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Meanwhile, Dell's mobile strategy fits into the company's larger solutions-oriented picture of building and developing active infrastructures for customers.
"I think the active infrastructure is top of mind. VARs cater to a much wider sales force than a [Hewlett-Packard] or Cisco [Systems] sales force," Dell's Felice said. "The solutions we're bringing to bear are meeting the needs below the Fortune 500. A good example is Cisco pushing a UCS offering through the channel. There's a certain point where that's not a cost-effective solution for their customer base. We come out with an active infrastructure that emphasizes scalability, flexibility, a lower footprint, lower power consumption. It's a great alternative to some of the more proprietary complex solutions out there.
"Marius [Haas, Dell's president of Enterprise Solutions,] is working hard to take our servers, storage, and put a software layer on top of it that makes the manageability simpler. It creates what we call 'active.' It's one thing to be converged. It's another to be more dynamic. Cisco's got this thick solution. They can't do much to it. HP is at the other end of the spectrum; everything is customized. Then you've got us. We use industry-standard technology. You can use different blades, different storage. We're not telling you to throw out everything you have and start over. I think the channel should really like those kinds of offerings that really don't want the complexity to make a one-time [solution]."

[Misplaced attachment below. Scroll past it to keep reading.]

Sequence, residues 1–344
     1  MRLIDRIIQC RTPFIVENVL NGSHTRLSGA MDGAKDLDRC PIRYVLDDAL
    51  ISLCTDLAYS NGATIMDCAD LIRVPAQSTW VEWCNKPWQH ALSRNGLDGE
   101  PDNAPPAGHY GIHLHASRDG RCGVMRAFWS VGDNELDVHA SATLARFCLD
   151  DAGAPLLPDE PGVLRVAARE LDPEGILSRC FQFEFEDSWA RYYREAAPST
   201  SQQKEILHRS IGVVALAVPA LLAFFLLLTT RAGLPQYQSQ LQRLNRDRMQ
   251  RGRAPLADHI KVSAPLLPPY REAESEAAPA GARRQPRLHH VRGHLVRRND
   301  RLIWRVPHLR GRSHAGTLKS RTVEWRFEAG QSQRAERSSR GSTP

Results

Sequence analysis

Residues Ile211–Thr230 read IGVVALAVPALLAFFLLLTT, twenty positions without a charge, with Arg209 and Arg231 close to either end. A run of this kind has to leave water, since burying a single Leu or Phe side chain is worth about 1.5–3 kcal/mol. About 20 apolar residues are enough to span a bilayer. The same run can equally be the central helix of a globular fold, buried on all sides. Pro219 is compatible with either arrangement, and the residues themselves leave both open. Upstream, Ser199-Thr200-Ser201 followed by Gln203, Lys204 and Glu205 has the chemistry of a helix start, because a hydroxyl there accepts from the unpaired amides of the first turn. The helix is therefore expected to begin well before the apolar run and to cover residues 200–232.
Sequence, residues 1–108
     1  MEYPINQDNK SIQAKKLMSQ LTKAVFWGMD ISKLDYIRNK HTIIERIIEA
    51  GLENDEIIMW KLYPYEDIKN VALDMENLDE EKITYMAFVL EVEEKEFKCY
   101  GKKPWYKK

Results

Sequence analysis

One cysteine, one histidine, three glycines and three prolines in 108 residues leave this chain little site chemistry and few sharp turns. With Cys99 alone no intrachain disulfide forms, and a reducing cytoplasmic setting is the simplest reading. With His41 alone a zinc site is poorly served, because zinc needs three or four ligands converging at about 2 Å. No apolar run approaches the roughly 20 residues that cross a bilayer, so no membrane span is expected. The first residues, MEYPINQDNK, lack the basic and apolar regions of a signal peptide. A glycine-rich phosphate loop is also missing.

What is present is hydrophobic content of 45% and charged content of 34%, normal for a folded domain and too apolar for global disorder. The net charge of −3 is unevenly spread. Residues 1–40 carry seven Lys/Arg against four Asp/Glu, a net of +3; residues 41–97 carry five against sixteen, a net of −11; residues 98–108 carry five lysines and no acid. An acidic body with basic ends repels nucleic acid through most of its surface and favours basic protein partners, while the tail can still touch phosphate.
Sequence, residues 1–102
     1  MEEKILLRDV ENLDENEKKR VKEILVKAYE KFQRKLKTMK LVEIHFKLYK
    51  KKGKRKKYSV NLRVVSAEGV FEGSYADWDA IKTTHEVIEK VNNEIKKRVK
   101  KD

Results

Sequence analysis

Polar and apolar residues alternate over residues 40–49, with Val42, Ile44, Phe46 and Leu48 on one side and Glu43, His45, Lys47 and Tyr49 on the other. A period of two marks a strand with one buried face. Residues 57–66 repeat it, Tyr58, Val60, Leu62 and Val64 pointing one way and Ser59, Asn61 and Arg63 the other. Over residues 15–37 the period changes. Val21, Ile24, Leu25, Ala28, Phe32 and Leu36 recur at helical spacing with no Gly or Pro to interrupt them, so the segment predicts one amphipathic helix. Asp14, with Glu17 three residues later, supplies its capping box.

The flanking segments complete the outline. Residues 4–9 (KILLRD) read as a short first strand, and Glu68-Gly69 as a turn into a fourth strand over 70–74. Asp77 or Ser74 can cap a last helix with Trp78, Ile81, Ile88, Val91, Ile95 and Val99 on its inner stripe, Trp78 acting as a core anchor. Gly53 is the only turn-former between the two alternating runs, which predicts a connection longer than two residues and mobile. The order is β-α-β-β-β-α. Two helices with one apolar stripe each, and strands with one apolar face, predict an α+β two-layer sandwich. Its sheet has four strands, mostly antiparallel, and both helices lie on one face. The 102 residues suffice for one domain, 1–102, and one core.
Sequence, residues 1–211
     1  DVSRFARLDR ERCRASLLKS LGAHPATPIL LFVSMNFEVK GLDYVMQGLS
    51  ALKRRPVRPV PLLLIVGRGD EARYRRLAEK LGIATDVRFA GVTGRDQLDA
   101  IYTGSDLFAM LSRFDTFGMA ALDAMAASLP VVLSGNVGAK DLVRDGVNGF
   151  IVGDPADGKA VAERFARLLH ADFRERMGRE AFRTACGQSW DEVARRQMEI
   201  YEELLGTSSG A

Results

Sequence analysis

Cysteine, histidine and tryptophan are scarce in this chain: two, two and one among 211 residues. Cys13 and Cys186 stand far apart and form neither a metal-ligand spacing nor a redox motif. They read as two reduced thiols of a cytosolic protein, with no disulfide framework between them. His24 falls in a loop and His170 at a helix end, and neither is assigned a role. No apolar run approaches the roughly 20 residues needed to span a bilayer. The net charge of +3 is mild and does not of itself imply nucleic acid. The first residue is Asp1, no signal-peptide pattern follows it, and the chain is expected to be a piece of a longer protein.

In that vein, Felice said Dell will continue to reward partners for selling a wider variety of Dell technology as part of its "Better Together" campaign, but it won't punish VARs for selling competing vendors as part of a solution.
"We can't dictate what a partner does. We can heavily sell the benefits of our offers and influence partners into doing what we think is the best solution, but ultimately it's their decision," Felice said.
Felice also said Dell's strategy is clearer than that of HP, its biggest rival in many areas. But, Dell hasn't made a bigger push to win over HP customers or partners after HP announced an $8.8 billion charge related to its Autonomy purchase.
"Our strategy within our company is extraordinarily clear and well aligned. There are no internal debates on what we're doing. We know where we're headed. The more we can meet with customers, whether that's channel partners or end users, and get across a sense of unity and clarity of purpose, that's probably the best offensive move we can make. HP can't do that," Felice said. "[An HP] partner does have to worry about decisions, about rumors that they can't even stay together as one company.
"What is HP going to have to sell to me a year from now, six months from now? We can go in and consistently talk about where we're headed as a strategy. That brings a sense of clarity, a sense of comfort. It's making sure they know where we are and where we are headed."